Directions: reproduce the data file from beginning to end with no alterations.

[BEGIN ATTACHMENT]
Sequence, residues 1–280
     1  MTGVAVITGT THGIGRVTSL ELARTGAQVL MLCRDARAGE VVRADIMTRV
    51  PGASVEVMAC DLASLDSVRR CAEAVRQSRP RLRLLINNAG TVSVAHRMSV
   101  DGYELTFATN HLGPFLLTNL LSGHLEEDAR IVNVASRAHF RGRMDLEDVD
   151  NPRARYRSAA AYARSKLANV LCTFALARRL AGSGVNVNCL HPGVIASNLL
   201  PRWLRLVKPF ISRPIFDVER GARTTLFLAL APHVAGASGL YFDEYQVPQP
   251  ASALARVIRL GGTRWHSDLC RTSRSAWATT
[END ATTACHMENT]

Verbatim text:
Sequence, residues 1–280
     1  MTGVAVITGT THGIGRVTSL ELARTGAQVL MLCRDARAGE VVRADIMTRV
    51  PGASVEVMAC DLASLDSVRR CAEAVRQSRP RLRLLINNAG TVSVAHRMSV
   101  DGYELTFATN HLGPFLLTNL LSGHLEEDAR IVNVASRAHF RGRMDLEDVD
   151  NPRARYRSAA AYARSKLANV LCTFALARRL AGSGVNVNCL HPGVIASNLL
   201  PRWLRLVKPF ISRPIFDVER GARTTLFLAL APHVAGASGL YFDEYQVPQP
   251  ASALARVIRL GGTRWHSDLC RTSRSAWATT